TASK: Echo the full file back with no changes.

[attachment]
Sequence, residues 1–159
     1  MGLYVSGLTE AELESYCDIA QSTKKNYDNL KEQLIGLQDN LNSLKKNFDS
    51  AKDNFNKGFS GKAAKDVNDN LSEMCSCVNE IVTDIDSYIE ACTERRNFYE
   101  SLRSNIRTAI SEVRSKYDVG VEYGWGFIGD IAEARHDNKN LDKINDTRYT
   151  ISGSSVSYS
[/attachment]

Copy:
Sequence, residues 1–159
     1  MGLYVSGLTE AELESYCDIA QSTKKNYDNL KEQLIGLQDN LNSLKKNFDS
    51  AKDNFNKGFS GKAAKDVNDN LSEMCSCVNE IVTDIDSYIE ACTERRNFYE
   101  SLRSNIRTAI SEVRSKYDVG VEYGWGFIGD IAEARHDNKN LDKINDTRYT
   151  ISGSSVSYS